Does WeWork's Stumble Herald A Bigger Collapse For Coworking? Miami Might Have The Answer
WeWork's failed IPO rollout and doubts about its underlying business model beg the question: Will the fallout spread to coworking, just as it has started taking up more and more of the office market?
For that answer, watch the city with the highest percentage of coworking in the country: Miami.
Location Ventures CEO Rishi Kapoor, who is based in Miami and has ambitious worldwide plans for coworking and co-living with his URBIN concept, moved quickly to highlight differences in his business model.
He sent a statement to investors: "We are not WeWork," he assured them.
Coworking companies leased 270K SF of Miami office space in Q1 alone, according to a JLL report from June. Regus/IWC is the biggest coworking tenant with 769K SF in the market, followed by WeWork at 522K SF, Quest Space at 166K SF, the Nexus Workspaces at 106K SF and Cambridge Innovation Center at 70K SF.
WeWork has nine locations in Miami, Miami Beach and Coral Gables. In recent months, WeWork has reportedly signed leases to occupy 89K SF at Southeast Financial Center and 146K SF in a planned Miami office tower, 830 Brickell.
Much of WeWork's now-laughable $47B valuation was attributed to hype stirred up by its charismatic leader, CEO Adam Neumann. But after an initial public offering prospectus released in August revealed some of his self-dealing and other company risks, Neumann has stepped down to become nonexecutive chairman, and WeWork is moving forward to try to improve the company's bottom line.
With new co-CEOs in place, the company is reportedly firing 20 of Neumann's friends and relatives who had jobs at the company, selling his $60M private jet and dealing away three startups he acquired that weren't related to WeWork's core business.
Still, the company lost $1.9B last year. It could run into even more trouble in a recession: WeWork has $47B in lease obligations, most of which are 15-year leases without early termination rights, yet many WeWork members can cancel their memberships with just one month's notice.
Morning Calm Management CEO Mukang Cho doesn't expect widespread weakness in the office market, but said office buildings that have large a coworking presence "could endure some hardship" during a downturn.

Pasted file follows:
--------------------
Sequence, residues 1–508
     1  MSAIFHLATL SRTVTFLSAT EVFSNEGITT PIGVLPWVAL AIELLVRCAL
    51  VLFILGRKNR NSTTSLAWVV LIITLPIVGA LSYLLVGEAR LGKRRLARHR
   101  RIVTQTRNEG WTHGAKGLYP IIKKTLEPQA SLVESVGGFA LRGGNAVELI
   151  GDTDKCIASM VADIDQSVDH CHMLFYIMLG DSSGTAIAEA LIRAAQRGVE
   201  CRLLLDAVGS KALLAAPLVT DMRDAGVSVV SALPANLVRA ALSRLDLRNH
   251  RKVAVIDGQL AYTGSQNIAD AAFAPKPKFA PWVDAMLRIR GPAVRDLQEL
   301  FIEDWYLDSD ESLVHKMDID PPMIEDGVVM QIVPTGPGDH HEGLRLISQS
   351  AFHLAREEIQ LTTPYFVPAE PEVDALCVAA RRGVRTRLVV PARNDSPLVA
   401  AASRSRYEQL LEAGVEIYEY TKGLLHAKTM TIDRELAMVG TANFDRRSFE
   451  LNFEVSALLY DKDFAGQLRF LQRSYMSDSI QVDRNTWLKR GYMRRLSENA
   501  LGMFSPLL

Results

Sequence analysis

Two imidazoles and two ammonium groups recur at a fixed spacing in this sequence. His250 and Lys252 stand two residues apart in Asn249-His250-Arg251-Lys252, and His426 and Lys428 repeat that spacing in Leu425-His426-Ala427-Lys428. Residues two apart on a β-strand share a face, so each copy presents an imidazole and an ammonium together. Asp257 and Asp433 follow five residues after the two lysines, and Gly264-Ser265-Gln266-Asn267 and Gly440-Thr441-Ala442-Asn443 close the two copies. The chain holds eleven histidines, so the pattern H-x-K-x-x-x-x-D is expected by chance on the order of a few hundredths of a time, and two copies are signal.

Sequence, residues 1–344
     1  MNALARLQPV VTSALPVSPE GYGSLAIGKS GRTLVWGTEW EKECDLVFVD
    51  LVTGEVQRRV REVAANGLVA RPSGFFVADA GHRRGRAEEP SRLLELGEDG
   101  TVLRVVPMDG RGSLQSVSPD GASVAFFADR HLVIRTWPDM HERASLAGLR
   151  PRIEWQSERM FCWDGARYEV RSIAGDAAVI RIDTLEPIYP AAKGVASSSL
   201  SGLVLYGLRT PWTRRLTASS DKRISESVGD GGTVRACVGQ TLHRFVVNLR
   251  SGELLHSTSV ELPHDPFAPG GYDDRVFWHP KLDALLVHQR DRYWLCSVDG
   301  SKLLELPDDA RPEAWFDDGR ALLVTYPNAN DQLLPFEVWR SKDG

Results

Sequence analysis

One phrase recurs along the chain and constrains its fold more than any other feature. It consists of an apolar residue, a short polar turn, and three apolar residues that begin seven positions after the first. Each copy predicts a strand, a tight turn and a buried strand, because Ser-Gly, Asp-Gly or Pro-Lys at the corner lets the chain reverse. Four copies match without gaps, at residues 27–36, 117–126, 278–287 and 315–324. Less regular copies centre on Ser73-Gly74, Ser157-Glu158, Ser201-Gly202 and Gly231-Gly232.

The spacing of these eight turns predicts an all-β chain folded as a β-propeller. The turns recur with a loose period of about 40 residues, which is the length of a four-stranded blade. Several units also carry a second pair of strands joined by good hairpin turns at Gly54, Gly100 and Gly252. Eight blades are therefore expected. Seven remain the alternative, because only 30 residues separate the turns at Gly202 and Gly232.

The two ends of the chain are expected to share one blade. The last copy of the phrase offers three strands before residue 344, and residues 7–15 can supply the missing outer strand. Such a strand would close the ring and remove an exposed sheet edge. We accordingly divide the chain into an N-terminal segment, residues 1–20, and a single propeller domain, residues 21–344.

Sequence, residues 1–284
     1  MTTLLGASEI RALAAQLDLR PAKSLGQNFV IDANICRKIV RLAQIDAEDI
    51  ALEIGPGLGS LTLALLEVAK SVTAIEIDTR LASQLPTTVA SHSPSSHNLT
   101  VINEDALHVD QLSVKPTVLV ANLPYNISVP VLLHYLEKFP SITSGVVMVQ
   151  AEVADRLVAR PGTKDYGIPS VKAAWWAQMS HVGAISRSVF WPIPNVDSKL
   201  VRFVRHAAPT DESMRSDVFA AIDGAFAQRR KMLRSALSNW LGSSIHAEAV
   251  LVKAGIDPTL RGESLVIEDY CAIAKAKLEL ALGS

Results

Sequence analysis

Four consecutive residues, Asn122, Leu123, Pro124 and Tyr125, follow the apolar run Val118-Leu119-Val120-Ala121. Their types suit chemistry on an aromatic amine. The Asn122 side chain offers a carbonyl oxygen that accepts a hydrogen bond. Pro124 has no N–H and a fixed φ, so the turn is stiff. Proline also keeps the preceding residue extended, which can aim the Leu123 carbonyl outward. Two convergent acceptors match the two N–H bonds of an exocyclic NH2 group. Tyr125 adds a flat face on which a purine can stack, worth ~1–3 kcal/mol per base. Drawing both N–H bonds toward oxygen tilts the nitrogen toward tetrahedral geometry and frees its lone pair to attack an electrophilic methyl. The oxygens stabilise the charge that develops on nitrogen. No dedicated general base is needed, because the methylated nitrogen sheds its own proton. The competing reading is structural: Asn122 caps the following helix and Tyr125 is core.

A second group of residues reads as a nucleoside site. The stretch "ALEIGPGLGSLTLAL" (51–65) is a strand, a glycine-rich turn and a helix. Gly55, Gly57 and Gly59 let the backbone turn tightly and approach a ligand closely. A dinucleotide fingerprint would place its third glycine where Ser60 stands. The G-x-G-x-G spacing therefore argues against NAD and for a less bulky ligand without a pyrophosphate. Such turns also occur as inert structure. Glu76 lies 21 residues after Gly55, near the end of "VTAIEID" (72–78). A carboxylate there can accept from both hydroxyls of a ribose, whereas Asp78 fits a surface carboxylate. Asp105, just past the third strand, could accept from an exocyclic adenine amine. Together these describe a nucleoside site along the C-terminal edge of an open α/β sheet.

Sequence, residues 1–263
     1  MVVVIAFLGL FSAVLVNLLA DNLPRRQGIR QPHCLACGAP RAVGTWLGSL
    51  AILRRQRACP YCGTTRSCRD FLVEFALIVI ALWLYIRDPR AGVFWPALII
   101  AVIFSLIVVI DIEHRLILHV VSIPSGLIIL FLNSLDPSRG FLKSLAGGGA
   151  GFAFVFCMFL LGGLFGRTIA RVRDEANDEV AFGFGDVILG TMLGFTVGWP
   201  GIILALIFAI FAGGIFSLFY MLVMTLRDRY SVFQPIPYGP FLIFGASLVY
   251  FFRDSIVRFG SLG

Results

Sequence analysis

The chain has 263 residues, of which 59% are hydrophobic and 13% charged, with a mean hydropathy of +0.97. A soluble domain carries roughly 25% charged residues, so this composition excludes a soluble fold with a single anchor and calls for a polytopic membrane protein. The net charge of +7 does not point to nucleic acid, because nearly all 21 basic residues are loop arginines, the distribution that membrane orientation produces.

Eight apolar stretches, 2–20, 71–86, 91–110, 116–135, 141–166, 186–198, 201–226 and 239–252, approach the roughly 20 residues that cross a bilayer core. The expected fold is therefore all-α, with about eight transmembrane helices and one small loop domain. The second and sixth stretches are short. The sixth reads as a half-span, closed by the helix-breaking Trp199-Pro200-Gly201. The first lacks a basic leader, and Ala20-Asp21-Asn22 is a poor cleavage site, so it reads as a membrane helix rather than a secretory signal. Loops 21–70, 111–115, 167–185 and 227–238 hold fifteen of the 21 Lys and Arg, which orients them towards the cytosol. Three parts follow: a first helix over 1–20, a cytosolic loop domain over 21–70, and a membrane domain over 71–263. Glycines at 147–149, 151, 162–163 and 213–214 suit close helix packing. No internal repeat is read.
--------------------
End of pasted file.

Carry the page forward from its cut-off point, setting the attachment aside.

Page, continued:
"At a minimum, the recent spotlight on WeWork will likely make landlords think twice about funding the large [tenant improvement allowances] that most of these operators require as part of a new lease, and push harder to get the appropriate credit enhancement," said Cho, who will be a speaker at Bisnow's upcoming South Florida Office Market Update event Oct. 24.
Morning Calm owns 5M SF of commercial real estate around the country, including offices at 301 Yamato in Boca Raton and 205 Datura in downtown West Palm Beach. Cho said that while his company doesn't acquire or reposition a property with coworking in mind, it does have some coworking tenants. He said the WeWork debacle was bad PR for the coworking industry, but that models can be successful — he pointed to Regus/IWG's $5B market cap and profitability.
Cho suggested that coworking brings an intangible benefit to office markets.
They "do more than take space — they help energize and rebrand the asset," he said.
Morning Calm offices have free yoga, free boot camps, wellness lecture series and electric car charging stations.
"At one of our properties, we even harvest fresh raw honey for our tenants from our honey bee sanctuary!" Cho added.
Kapoor, the CEO of Location Ventures, suggested that WeWork's debacle is a wake-up call for every coworking operator and landlord around the globe to honestly assess their business model and profitability.
"I think coworking has a place in every neighborhood center, but landlords need to be increasingly selective on who they sign leases or partner with, considering both financial and operational strength," Kapoor said. "For those that have a different business model, it's going to be a conversation of highlighting the differentiations."
For his own company, which offers coworking and co-living in urban cores but develops, owns and operates its own real estate, thanks to a mix of private equity, opportunity zone funds and institutional partners, "steady is the course," he said.
"We are a hybrid real estate development and operations company — operations with enterprise value that are backed by real estate owned," Kapoor said. "We are not here to play the lease spread game. While leasing has enabled competitors to grow exponentially, I think it’s safe to say prudent growth, if not prudently aggressive growth (as I would prefer to say), with a clear path to profit per location, is a sounder policy."
Kapoor said WeWork had been pulled in too many directions and "distracted." He stressed that although URBIN does use technology and PropTech has been in vogue, his is not a tech company. And though it does incorporate wellness as a company value, "we’re not trying to 'elevate the world’s consciousness,'" Kapoor said — something WeWork declared it wanted to do in its prospectus.
"No jets. No nine-figure loans to the founder (I promise)," Kapoor added.
Several Miami-area office leasing experts and landlords with WeWork as tenants declined to comment for this article. Bisnow sought comment from WeWork Southeast General Manager Bobby Condon, but a spokesperson instead emailed the statement co-CEOs Artie Minson and Sebastian Gunningham released when the firm postponed its IPO Monday.
“We have decided to postpone our IPO to focus on our core business, the fundamentals of which remain strong," the statement says. "We are as committed as ever to serving our members, enterprise customers, landlord partners, employees and shareholders. We have every intention to operate WeWork as a public company and look forward to revisiting the public equity markets in the future.”